We need more directors willing to take risks with films like Get Out.
What a blessed relief is laughter. It flies in the face of manners, values, political correctness and decorum. It exposes us for what we are, the only animal with a sense of humor. "There's Something About Mary" is an unalloyed exercise in bad taste, and contains five or six explosively funny sequences. OK, five explosive, one moderate.
I love it when a movie takes control, sweeps away my doubts and objections, and compels me to laugh. I'm having a physical reaction, not an intellectual one. There's such freedom in laughing so loudly. I feel cleansed.
"There's Something About Mary" is the latest work by Peter and Bobby Farrelly, brothers whose earlier credits include "Dumb and Dumber" and "Kingpin." Good taste is not their strong suit. "Dumb and Dumber" includes a scene where a blind boy realizes his parakeet's head is held on with Scotch tape. "Kingpin" includes a scene where a bowler's artificial hand gets stuck in the ball and rolls down the alley, flop flop flop.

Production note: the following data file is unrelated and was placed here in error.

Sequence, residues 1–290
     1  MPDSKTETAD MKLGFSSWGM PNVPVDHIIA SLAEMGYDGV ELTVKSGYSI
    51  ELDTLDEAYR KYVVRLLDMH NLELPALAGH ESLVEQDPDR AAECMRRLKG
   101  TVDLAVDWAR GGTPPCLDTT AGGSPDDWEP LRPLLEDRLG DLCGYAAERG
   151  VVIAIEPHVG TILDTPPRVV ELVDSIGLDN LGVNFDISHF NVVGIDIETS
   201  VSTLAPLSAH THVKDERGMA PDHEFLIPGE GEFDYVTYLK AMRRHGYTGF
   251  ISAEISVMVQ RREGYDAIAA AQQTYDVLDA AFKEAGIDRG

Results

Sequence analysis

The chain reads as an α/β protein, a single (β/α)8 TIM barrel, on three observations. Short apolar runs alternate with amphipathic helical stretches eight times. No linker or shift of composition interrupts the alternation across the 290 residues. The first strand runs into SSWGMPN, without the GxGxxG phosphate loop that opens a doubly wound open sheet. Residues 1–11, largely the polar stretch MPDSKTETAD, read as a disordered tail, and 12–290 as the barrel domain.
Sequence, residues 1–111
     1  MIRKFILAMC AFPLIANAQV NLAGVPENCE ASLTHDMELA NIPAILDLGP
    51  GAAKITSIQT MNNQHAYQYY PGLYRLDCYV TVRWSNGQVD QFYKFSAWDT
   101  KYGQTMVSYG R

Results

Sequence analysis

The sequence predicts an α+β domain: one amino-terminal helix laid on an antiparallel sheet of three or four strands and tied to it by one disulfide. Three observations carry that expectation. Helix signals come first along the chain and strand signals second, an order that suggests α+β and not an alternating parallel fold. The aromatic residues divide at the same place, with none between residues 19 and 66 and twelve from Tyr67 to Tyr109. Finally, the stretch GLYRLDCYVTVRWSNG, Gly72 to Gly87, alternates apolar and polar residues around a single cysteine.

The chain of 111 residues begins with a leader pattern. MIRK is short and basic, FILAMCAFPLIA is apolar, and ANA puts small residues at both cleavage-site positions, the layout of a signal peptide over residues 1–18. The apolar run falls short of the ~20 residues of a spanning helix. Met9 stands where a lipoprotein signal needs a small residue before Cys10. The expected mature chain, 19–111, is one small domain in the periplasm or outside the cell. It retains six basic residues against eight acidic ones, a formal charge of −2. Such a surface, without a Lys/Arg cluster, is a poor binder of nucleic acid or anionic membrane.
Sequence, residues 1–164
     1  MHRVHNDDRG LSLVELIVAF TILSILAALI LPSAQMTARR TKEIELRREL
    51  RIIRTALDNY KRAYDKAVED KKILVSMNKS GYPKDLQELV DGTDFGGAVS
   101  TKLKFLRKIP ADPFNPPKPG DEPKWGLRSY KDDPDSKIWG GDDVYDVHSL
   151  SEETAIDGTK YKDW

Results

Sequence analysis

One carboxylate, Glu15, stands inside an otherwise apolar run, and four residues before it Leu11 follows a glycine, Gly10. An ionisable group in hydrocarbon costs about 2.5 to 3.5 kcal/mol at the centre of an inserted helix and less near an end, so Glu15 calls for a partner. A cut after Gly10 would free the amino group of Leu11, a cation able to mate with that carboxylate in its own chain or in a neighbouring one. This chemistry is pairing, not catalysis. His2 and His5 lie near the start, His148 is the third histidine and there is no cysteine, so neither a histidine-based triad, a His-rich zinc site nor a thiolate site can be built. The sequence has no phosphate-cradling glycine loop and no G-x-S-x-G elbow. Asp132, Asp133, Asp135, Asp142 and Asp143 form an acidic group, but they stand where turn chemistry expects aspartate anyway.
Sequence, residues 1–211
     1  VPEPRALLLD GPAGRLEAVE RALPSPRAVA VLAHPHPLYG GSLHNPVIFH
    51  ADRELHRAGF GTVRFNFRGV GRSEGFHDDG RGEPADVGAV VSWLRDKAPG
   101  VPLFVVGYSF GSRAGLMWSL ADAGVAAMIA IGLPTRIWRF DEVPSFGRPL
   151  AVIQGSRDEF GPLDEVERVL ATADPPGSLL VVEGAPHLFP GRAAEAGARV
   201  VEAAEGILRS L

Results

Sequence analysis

Now here is a movie about a woman who is beautiful, sunny, good and pure, and inspires a remarkable array of creeps to fall in love with her. There's ... just something about her. Mary is played by Cameron Diaz as a high school knockout who amazes the geeky Ted (Ben Stiller) by asking him to the prom, even though he has pounds of braces on his teeth. ("I have a thing about braces," she muses, long after.) Ted turns up proudly for the date, only to set off the first of the movie's uproariously funny sequences when he asks to use the toilet and then somehow catches in his zipper that part of the male anatomy one least wants to think about in connection with zippers. ("Is it the frank or the beans?" asks Mary's solicitous stepfather.) In a lesser film, that would be that: The directors would expect us to laugh at his misfortune, and the plot would roll on. Not the Farrelly Brothers. When they get something going, they keep on building, daring themselves to top each outrage. I won't reveal how the scene develops, apart from noting the perfect timing involved with the unexpected closeup.